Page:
Hypogonadism in men consuming sustained-action oral opioids

J Pain. 2002 Oct;3(5):377-84. doi: 10.1054/jpai.2002.126790.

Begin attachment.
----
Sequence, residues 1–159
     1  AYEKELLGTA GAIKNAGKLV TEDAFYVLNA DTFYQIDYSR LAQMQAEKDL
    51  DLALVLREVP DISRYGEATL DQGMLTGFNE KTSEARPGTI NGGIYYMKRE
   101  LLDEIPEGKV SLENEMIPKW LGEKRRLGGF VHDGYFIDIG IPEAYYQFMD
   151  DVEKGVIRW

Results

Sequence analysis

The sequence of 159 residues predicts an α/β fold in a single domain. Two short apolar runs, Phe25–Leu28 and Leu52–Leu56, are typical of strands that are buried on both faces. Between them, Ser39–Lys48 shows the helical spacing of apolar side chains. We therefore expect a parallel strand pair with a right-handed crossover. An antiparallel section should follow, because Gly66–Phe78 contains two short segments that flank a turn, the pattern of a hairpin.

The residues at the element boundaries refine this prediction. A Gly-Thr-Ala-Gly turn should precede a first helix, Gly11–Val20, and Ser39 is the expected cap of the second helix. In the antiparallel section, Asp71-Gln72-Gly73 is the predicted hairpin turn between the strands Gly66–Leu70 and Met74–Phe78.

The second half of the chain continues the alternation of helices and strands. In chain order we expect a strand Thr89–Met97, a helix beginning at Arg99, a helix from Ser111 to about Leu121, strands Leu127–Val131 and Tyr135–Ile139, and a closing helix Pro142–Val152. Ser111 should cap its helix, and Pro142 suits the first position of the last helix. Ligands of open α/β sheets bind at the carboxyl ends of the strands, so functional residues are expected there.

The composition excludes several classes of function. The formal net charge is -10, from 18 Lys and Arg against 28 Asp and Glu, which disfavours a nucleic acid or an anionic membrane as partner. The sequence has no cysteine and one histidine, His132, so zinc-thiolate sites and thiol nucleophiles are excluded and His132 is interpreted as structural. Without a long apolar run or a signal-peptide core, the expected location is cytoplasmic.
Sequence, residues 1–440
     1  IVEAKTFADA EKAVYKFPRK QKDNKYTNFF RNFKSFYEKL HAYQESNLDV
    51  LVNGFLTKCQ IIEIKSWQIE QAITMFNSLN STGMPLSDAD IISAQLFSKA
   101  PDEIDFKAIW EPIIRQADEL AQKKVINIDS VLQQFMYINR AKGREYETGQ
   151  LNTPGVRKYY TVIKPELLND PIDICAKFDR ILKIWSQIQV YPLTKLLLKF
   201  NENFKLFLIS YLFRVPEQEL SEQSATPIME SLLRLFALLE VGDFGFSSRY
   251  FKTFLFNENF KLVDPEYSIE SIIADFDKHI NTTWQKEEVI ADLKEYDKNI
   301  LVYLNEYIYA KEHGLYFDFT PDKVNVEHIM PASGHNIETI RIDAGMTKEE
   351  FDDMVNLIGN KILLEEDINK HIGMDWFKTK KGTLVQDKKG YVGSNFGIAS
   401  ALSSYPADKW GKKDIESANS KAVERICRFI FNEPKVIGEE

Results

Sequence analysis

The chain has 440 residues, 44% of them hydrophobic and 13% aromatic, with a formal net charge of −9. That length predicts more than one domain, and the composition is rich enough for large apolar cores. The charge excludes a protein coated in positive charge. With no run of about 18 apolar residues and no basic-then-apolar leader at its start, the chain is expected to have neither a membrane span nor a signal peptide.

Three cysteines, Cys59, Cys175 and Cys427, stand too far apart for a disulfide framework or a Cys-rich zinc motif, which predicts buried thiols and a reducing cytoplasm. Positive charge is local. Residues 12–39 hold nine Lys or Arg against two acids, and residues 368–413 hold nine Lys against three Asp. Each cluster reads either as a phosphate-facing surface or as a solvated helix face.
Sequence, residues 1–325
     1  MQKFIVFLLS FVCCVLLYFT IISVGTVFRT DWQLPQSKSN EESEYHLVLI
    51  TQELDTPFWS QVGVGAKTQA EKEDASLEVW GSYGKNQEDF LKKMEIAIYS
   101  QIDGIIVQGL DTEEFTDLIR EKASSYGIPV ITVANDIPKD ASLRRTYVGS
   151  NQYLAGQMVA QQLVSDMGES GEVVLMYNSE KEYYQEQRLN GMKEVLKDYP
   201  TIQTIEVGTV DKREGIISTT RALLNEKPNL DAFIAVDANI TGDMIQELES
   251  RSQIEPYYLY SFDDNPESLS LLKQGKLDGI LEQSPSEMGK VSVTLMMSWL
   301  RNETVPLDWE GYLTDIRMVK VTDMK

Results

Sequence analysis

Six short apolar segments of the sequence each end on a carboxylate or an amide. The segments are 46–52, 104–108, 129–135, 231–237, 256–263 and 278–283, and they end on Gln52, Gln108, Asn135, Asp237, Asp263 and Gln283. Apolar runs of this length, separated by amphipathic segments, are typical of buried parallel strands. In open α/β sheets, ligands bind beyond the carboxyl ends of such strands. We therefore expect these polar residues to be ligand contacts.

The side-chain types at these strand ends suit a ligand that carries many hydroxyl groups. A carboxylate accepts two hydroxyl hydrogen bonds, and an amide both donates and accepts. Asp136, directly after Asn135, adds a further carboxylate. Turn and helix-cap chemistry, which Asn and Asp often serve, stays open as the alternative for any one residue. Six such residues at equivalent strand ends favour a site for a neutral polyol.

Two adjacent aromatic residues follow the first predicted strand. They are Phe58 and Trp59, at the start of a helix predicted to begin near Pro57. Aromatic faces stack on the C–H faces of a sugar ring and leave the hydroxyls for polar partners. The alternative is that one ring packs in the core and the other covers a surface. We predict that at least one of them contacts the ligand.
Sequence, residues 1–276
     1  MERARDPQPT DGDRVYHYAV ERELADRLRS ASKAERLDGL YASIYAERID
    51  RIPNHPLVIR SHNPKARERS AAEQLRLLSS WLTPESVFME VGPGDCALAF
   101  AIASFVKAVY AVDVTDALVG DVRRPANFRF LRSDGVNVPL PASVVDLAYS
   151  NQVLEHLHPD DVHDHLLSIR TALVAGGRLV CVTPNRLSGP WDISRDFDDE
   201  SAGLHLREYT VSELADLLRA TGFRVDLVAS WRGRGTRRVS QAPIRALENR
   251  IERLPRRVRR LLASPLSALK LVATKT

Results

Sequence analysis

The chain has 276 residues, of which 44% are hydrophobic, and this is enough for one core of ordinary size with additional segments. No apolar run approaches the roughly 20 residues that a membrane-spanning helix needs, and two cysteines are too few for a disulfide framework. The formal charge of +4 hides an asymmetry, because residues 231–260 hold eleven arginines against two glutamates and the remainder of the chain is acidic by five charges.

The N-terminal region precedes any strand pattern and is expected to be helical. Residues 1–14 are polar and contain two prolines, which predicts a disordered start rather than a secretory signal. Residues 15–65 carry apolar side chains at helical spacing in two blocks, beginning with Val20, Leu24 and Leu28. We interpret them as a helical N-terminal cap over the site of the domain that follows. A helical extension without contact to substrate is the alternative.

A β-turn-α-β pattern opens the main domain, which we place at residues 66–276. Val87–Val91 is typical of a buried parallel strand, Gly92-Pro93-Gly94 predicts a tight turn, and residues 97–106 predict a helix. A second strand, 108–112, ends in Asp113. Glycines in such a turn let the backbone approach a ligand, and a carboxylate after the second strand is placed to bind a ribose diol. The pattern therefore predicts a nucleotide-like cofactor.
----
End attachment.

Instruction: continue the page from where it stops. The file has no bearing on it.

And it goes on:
Naturally occurring opiates (endorphins) diminish testosterone levels by inhibiting both hypothalamic gonadotrophin releasing hormone production and testicular testosterone synthesis. Heroin addicts treated with a single daily dose of methadone and nonaddicts receiving continuous intrathecal opioids quickly develop low luteinizing hormone and total testosterone levels. A similar pattern was sought in men consuming commonly prescribed oral opioids. Free testosterone (FT), total testosterone (TT), estradiol (E(2)), dihydrotestosterone (DHT), luteinizing hormone (LH), and follicle-stimulating hormone (FSH) were measured in 54 community-dwelling outpatient men consuming oral sustained-action dosage forms of opioids several times daily for control of nonmalignant pain. Hormone levels were related to the opioid consumed, dosage and dosage form, nonopioid medication use, and several personal characteristics and were compared with the hormone analyses of 27 similar men consuming no opioids. Hormone levels averaged much lower in opioid users than in control subjects in a dose-related pattern (P < .0001 for all comparisons). FT, TT, and E(2) levels were subnormal in 56%, 74%, and 74%, respectively, of opioid consumers. Forty-eight men (89%) exhibited subnormal levels of either FT or E(2). Either TT or E(2) level was subnormal in all 28 men consuming the equivalent of 100 mg of methadone daily and in 19 of 26 (73%) consuming smaller opioid doses. Eighty-seven percent (39 of 45) of opioid-ingesting men who reported normal erectile function before opioid use reported severe erectile dysfunction or diminished libido after beginning their opioid therapy. Commonly prescribed opioids in sustained-action dosage forms usually produce subnormal sex hormone levels, which may contribute to a diminished quality of life for many patients with painful chronic illness.